In DNA viruses, the viral DNA directs the host cell’s replication proteins to synthesize new copies of the viral genome and to transcribe and translate that genome into viral proteins. Human diseases caused by DNA viruses include chickenpox, hepatitis B, and adenoviruses. Sexually transmitted DNA viruses include the herpes virus and the human papilloma virus (HPV), which has been associated with cervical cancer and genital warts.
RNA viruses contain only RNA as their genetic material. To replicate their genomes in the host cell, the RNA viruses must encode their own enzymes that can replicate RNA into RNA or, in the retroviruses, into DNA. These RNA polymerase enzymes are more likely to make copying errors than DNA polymerases, and therefore often make mistakes during transcription. For this reason, mutations in RNA viruses occur more frequently than in DNA viruses. This causes them to change and adapt more rapidly to their host. Human diseases caused by RNA viruses include influenza, hepatitis C, measles, and rabies. The HIV virus, which is sexually transmitted, is an RNA retrovirus.
The Challenge of Virus Classification
Because most viruses probably evolved from different ancestors, the systematic methods that scientists have used to classify prokaryotic and eukaryotic cells are not very useful. If viruses represent “remnants” of different organisms, then even genomic or protein analysis is not useful. Why?, Because viruses have no common genomic sequence that they all share. For example, the 16S rRNA sequence so useful for constructing prokaryote phylogenies is of no use for a creature with no ribosomes! Biologists have used several classification systems in the past. Viruses were initially grouped by shared morphology. Later, groups of viruses were classified by the type of nucleic acid they contained, DNA or RNA, and whether their nucleic acid was single- or double-stranded. However, these earlier classification methods grouped viruses differently, because they were based on different sets of characters of the virus. The most commonly used classification method today is called the Baltimore classification scheme, and is based on how messenger RNA (mRNA) is generated in each particular type of virus.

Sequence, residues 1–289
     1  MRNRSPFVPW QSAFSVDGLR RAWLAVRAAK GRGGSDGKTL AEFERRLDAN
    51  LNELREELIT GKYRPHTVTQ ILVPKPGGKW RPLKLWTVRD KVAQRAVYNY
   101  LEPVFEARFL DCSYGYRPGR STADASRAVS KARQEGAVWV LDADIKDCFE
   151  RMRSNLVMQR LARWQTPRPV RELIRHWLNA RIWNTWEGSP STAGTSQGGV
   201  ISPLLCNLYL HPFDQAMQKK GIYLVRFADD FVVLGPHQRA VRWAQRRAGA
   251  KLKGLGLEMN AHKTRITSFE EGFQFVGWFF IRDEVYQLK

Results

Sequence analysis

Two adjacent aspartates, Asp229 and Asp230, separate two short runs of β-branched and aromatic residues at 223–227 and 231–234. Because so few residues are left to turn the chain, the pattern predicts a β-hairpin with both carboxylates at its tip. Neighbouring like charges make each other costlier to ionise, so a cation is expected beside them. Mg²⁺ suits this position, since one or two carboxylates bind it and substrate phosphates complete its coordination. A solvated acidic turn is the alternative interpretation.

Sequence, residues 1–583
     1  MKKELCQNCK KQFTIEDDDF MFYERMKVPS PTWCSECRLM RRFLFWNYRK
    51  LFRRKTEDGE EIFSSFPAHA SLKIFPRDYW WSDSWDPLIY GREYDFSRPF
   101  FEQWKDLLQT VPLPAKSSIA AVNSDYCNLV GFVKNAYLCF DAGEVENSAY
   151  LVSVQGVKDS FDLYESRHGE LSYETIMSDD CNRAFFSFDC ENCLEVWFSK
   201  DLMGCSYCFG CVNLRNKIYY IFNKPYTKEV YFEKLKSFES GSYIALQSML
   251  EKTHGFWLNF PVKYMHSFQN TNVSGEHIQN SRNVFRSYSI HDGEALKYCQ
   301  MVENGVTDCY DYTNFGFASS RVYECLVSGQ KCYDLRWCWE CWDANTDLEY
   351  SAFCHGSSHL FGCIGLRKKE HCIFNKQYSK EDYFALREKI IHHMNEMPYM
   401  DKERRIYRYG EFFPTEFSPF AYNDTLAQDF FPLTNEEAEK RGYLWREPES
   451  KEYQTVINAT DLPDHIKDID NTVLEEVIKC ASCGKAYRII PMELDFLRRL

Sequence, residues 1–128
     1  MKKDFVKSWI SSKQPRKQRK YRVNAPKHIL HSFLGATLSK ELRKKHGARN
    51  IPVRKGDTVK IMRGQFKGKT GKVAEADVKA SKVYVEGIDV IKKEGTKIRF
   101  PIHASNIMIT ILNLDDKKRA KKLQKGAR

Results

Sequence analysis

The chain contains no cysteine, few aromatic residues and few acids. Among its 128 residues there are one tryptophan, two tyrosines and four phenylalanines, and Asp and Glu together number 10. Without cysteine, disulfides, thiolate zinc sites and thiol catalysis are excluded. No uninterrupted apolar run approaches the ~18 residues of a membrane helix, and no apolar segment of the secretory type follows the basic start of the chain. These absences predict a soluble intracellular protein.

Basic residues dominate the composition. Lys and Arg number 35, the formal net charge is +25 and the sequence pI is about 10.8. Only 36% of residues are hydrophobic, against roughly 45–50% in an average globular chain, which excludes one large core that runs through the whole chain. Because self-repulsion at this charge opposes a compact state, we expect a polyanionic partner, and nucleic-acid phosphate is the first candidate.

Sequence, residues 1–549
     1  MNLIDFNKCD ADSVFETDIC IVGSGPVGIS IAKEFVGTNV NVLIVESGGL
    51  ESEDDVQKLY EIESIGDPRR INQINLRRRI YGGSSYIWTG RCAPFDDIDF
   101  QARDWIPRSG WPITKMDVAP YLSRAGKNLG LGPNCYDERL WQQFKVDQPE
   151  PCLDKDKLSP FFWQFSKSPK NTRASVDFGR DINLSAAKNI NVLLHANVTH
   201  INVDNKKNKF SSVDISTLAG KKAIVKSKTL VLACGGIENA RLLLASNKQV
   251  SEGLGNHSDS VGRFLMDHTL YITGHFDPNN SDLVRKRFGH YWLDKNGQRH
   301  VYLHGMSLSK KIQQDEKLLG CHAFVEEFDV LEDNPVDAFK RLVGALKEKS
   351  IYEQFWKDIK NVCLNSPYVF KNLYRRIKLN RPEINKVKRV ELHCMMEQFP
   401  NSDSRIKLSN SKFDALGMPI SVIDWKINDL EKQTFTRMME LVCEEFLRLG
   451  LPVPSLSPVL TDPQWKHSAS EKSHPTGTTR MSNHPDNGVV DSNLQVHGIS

Past Systems of Classification
Viruses contain only a few elements by which they can be classified: the viral genome, the type of capsid, and the envelope structure for the enveloped viruses. All of these elements have been used in the past for viral classification (Table 21.1 and Figure 21.6). Viral genomes may vary in the type of genetic material (DNA or RNA) and its organization (single- or double-stranded, linear or circular, and segmented or non-segmented). In some viruses, additional proteins needed for replication are associated directly with the genome or contained within the viral capsid.
|Virus Classification by Genome Structure|
Viruses can also be classified by the design of their capsids (Table 21.2 and Figure 21.7). Capsids are classified as naked icosahedral, enveloped icosahedral, enveloped helical, naked helical, and complex. The type of genetic material (DNA or RNA) and its structure (single- or double-stranded, linear or circular, and segmented or non-segmented) are used to classify the virus core structures (Table 21.2).
|Virus Classification by Capsid Structure|
|Naked icosahedral||Hepatitis A virus, polioviruses|